As Brett says “Eat Like You Mean It”, Ciao Mambo on the Hip Strip in Missoula.  Check this out Ciao Mambo is open at 11:30 for lunches daily now too.

This wine and food combo receives The WineGuyMike™ Seal of Approval©. 

Thank you for being a Fan and please support our Sponsor Ciao Mambo.

"from my table to yours"

"from my table to yours"

So Moms you’re going to go wine shopping 1/12/2011


Check out the radio show on The Ranch 107.1FM or 97.9FM in The Bitterroot Valley.  How about a live stream feed at www.107theranch.com.  The WineGuyMike™ Radio Show© with Scott and Paula on The Ranch airs weekly on Wednesday mornings at 8:20AM MST.

Each week we will be giving away gift certificates from our sponsors.  If your question is selected as WineGuyMike’s™ topic of discussion you will win one of the $20.00 – $25.00 gift certificates.  Good luck and send your questions to WineGuyMike™ on his Facebook fan page or on Twitter @WineGuyMike.

See this week’s show on YouTube  each week on Thursday morning, the day after the show.  Our YouTube channel of course is WineGuyMike or the actual URL link: http://www.youtube.com/user/WineGuyMike?feature=mhum

Sponsor                                                                                                                     

Ciao Mambo, “Eat Like You Mean It”, located in Missoula on The Hip Strip.  Find them online at www.CiaoMambo.com

This week’s winner is; Jay Steen

This week WineGuyMike™ received some great questions and the two that I’m going to address come from Jay Steen and Jo Jorgenson.

Q. Jay Steen asks; life is busy-running kids, volunteering, sneaking in some work, catching Wine Guy Mike on The Ranch when I can, perusing the blog when I can, never scheduling time for a wine tasting…and I find myself zipping into Walmart or Albertson’s and there I am in the wine row wondering which red I can just grab off the shelf and go with….that will basically match whatever may end up on the table for dinner.  I know not a responsible wine connoisseur.  Anyway I’ve tried an award-winning one and, well, I didn’t concur.  Tried some a little expensive, some less expensive, and some less expensive than that.  I just want a sure bet when there isn’t time to figure it out on my own.  Can you help?  I’d love some brand names if you are so willing.mart, or Albertsons, or…, and there I am in wine row wondering which red wine I can just grab off the shelf and go with…that will basically match whatever may end up on the table for dinner. I know, not a responsible wine connoisseur. Anyway, I’ve tried an award-winning one and, well, I didn’t concur. Tried some a little expensive, some less expensive, and some less expensive then that. I just want a sure bet when there isn’t the time to figure it out on my own. Can you help? I’d love some brand names, if you are so willing. 😉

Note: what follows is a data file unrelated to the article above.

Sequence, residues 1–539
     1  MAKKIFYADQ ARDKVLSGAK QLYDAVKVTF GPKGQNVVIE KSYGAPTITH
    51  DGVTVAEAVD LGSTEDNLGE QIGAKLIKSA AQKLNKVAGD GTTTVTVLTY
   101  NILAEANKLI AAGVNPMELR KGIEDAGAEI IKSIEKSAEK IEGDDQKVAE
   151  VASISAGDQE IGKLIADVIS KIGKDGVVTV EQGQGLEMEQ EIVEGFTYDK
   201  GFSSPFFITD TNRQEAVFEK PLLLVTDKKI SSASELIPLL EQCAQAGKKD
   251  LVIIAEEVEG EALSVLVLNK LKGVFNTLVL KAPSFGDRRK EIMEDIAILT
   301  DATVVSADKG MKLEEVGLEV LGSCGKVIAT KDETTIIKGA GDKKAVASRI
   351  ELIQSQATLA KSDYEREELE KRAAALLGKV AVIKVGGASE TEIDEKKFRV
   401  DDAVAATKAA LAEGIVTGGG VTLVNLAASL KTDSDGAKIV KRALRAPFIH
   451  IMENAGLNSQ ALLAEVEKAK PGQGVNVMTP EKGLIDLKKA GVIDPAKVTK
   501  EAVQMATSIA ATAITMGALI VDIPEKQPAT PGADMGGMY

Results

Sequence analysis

A. WineGuyMike’s™ answer; Jay I went wine shopping a couple of times after receiving your question.  I really appreciate your question and comments and am sympathetic to your hectic schedule; I too keep a crazy schedule.  I’m sure there are many moms out there that can totally identify with your with your dilemma.   

Let’s start off with an explanation of how the wine aisles are set.  A decade ago when you approached a wine aisle all wines were grouped together by brand name.  Gallo decided it was not beneficial for their brand to be set on the shelf that way.  They went to the major retailers and literally had all shelves reset by wine type or varietal.  This is why you’ll find all the Cabernet’s, Pinot Noir’s, or Chardonnay’s together on a shelf.  The only exceptions are the foreign wines which are grouped together by country.  This is due to the fact that many French wines for example are blended wines or Spain’s and Italy’s varietals are typically different than what is grown here in the United States.

Price of wines dictates where the wines are set within their particular wine type or varietal section.  The lowest price wines are near the floor of your favorite grocery store and the highest priced bottles are on the top shelf.  The only caveat to this is the infamous aisle end cap, if you want to move product this is where you want to be.  This is the space from which vendors showcase their sale items, special value wines, or new items.

I find that I usually do not my select my wine finds from the end cap, that doesn’t mean that I don’t scan those end caps because sometimes there is a great value wine set there.  It seems that I end up, in the grocery store that is, purchasing from the second or third shelf from the top.  I’ll bet that this is very consistent amongst most consumers; you don’t have to reach or bend while selecting a wine.  

What I really recommend Jay as time permits check in on WineGuyMike’s™ blog as I will be focusing more on Terrior.  I want to share with my Fans about the wine types or varietals they enjoy from all the regions around the world.  If you understand nuances of wine types, and you have knowledge of Terrior you will then understand what you should be able to expect from wines from your favorite regions around the world.

I hope you find this helpful the next time you go wine shopping.  When I shop for wines I find that I’m driven by wine type and price, so here are a few inexpensive “all purpose” wines that you might have around.  The brand I’m going to recommend for you Jay is from Beringer Vineyards, the Founders’ Estate label of wines.  Beringer produces a solid line up of wines within this label.  The wines within this label are true to the wine type, in other words these wines represent the varietal very well.  These wines are on sale at Albertson’s right now and normally sell for $11.99 and are on sale now for $8.49, a tremendous value for the quality of wine at this price point.

For an all around go to red wine I’m going to recommend the Beringer Vineyards Founders’ Estate Pinot Noir.  I am also going to recommend a white wine from the same label too, the Founders’ Estate Sauvignon Blanc.  Both of these wine types are balanced with their fruit and acid which means they are food friendly and will pair well with a wide variety of foods.

Beringer Vineyards Founders’ Estate Pinot Noir

 

Beringer Founders' Estate Pinot Noir